Set your standards

Create a list of high-impact vocabulary that you know will be in your videos: proper names like brands, people, events, organizations, ideologies and more. Make sure that these names are checked in each video for accuracy and consistency.

A good starting point is making sure your subtitles are readable. Make sure they don’t block too much of the screen: 2 or 3 lines maximum per subtitle. And make sure that your audience can read your subtitles at a comfortable speed. Check out our quick guide to creating captions as a starting point and add to it with tips that best suit your content. 

Find a workspace that works for you

There are many captioning tools out there that can help you create, review, and edit your subtitles. You can combine whichever tools you find into a workflow. You could also try Amara’s Public Workspace to keep everything together in one place.

Ask for help when you need it

You can choose to review subtitles yourself, delegate to someone on your post-production team, or ask people online to review your subtitles. If you have fans, they might want to help you out! Create a discussion space for people and see if they want to create or review subtitles for your content. If you have patrons, this could be part of early access privileges. If you don’t ask, you’ll never know!

While you can review subtitles yourself, it might be better to ask someone else to review your subtitles before final publication. After all, two heads are better than one when it comes to review.

What is the takeaway?

Captions created by humans or machines can give your content a great SEO boost. Getting to know any new technology includes planning for its pitfalls. With automatic captioning, you have the opportunity to streamline your video production workflow. Creating captions for your audience is a great way to show that you care about nurturing and growing your connection with them. The takeaway here is that your video isn’t really complete without captions and your captions are not complete without review.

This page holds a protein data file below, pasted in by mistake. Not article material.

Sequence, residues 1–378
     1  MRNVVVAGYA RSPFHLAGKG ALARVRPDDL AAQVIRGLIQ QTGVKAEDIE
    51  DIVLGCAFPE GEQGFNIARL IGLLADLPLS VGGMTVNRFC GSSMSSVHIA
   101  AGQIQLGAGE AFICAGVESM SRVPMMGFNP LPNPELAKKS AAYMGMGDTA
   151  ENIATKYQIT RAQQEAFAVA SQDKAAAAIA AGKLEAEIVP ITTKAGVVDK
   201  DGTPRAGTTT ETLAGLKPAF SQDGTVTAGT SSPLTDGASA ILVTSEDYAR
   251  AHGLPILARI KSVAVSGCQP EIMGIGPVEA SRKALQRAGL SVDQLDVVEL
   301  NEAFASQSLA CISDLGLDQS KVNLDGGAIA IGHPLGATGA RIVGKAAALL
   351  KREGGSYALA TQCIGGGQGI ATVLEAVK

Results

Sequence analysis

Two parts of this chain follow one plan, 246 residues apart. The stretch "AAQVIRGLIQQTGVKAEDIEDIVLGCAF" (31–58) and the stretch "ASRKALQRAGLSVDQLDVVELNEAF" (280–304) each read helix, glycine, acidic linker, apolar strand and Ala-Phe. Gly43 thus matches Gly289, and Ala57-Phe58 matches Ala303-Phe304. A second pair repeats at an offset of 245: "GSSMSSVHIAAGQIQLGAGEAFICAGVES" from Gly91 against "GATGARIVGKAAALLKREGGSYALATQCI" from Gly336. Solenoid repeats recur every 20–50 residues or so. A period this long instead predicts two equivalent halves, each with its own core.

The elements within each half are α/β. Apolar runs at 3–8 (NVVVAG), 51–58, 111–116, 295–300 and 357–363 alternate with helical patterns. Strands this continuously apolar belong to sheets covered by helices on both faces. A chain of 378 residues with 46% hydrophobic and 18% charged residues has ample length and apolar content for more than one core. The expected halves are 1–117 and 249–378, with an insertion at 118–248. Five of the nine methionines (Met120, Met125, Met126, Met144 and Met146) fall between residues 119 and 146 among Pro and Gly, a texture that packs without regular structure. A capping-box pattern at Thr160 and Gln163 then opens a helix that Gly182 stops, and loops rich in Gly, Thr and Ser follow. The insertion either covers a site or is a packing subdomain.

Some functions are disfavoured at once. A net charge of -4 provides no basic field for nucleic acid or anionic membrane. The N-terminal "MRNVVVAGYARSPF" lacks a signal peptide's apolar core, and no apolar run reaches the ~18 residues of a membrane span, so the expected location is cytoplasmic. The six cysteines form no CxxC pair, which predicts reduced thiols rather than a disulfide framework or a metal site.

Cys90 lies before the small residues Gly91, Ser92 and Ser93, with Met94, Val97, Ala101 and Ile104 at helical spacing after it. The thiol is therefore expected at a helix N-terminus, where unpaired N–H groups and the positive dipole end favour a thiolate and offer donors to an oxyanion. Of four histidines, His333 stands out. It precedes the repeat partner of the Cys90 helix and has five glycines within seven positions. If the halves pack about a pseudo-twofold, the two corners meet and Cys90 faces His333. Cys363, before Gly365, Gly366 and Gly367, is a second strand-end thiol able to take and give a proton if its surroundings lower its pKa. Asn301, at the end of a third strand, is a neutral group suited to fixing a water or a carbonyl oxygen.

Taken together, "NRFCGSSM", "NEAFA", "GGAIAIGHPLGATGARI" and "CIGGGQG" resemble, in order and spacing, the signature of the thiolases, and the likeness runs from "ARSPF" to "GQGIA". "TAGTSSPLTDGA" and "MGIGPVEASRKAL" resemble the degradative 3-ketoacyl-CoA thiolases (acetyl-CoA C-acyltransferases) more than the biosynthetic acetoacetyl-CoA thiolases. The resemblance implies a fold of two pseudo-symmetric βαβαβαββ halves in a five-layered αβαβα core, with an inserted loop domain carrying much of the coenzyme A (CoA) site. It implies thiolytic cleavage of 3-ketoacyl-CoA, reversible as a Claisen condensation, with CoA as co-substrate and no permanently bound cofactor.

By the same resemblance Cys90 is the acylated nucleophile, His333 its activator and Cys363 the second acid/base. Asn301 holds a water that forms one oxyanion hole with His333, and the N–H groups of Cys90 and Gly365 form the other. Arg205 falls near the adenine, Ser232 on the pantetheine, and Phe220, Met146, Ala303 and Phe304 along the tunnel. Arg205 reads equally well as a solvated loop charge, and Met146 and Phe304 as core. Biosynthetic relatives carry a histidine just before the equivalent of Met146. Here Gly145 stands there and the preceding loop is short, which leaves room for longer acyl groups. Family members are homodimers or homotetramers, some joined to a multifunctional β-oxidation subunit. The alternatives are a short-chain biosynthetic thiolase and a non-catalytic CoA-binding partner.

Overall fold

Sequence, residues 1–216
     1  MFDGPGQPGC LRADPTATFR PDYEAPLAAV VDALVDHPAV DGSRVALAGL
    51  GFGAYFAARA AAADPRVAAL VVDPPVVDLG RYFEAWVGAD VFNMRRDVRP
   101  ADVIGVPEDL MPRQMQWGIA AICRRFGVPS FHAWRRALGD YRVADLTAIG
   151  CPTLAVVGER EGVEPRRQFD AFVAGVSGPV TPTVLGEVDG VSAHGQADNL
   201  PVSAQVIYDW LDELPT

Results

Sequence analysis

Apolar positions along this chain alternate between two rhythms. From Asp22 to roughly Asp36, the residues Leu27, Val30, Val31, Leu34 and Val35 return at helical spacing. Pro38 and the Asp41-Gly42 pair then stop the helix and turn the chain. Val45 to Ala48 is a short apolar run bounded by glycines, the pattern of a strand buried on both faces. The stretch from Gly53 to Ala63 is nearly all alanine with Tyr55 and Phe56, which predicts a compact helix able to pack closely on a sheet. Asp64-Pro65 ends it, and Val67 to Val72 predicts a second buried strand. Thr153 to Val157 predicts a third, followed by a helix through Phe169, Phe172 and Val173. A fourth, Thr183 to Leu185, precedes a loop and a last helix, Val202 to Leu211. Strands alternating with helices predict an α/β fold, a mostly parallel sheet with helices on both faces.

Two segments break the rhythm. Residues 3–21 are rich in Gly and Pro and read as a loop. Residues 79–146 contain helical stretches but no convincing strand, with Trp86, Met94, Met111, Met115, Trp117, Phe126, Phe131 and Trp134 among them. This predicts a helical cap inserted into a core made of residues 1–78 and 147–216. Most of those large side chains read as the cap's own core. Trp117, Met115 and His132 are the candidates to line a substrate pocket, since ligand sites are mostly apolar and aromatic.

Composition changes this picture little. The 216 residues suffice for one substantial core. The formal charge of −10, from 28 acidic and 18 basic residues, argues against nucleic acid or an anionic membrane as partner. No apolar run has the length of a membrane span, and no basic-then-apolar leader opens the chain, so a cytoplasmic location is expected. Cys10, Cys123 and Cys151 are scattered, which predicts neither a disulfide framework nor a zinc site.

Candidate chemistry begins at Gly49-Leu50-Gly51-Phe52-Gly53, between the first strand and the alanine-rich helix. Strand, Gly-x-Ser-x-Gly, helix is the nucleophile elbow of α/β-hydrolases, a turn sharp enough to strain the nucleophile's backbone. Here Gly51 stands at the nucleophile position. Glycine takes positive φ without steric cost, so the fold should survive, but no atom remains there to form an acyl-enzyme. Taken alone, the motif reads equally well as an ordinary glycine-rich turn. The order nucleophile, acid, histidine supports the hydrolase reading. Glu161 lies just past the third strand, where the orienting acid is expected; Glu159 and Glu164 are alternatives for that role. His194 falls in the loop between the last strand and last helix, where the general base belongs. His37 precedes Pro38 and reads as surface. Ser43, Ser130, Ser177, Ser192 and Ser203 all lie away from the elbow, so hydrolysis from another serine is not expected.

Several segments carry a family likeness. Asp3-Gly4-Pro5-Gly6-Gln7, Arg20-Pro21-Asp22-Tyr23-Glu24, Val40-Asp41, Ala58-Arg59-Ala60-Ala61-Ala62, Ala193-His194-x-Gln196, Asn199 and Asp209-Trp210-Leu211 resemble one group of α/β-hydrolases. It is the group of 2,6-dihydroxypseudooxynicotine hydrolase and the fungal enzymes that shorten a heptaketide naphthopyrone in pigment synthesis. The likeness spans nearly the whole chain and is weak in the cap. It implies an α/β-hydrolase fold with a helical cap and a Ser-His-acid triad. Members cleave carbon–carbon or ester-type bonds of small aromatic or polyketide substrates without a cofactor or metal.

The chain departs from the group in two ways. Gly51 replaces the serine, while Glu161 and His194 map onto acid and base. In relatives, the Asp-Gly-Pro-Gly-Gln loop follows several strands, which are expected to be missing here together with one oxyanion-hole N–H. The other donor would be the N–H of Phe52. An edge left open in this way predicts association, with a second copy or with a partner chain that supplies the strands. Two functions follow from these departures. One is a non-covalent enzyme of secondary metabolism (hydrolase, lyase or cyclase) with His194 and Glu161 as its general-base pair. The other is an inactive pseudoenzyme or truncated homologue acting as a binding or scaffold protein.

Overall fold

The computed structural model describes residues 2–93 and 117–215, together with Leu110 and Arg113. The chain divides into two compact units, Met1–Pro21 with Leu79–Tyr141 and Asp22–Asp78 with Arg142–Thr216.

Photo of four hands holding a pile of dirt in a small plant in it the inner hands are a child's and the outer are an adult's.

Quality captions show that you care

Videos are automatically muted on most social media sites. If your video has unreviewed captions, they might not make sense. Your audience might roll their eyes and scroll by.

Wouldn’t you rather invite them in with careful quality captioning?

Some of your audience need captions to understand videos. Deaf or hard-of-hearing people rely on captions to access and enjoy content. Seeing mistakes in automatic captions can be incredibly frustrating and ultimately drive potential audience members away. 

Captioned videos are often easier to understand for non-native speakers. Think about all of the people who are non-native speakers of your language right now. If you create subtitles that don’t match what is being said in the video, people are less likely to keep watching.  Wouldn’t you rather share your message with the world?

New technology is great, but we still have the responsibility to respect each other.

We hope that this post has helped you see automatic captions as a starting point. They can  give you a boost to get you where you need to go, but you have to take it the rest of the way. Create quality captions to show your audience that you care!

Happy subtitling!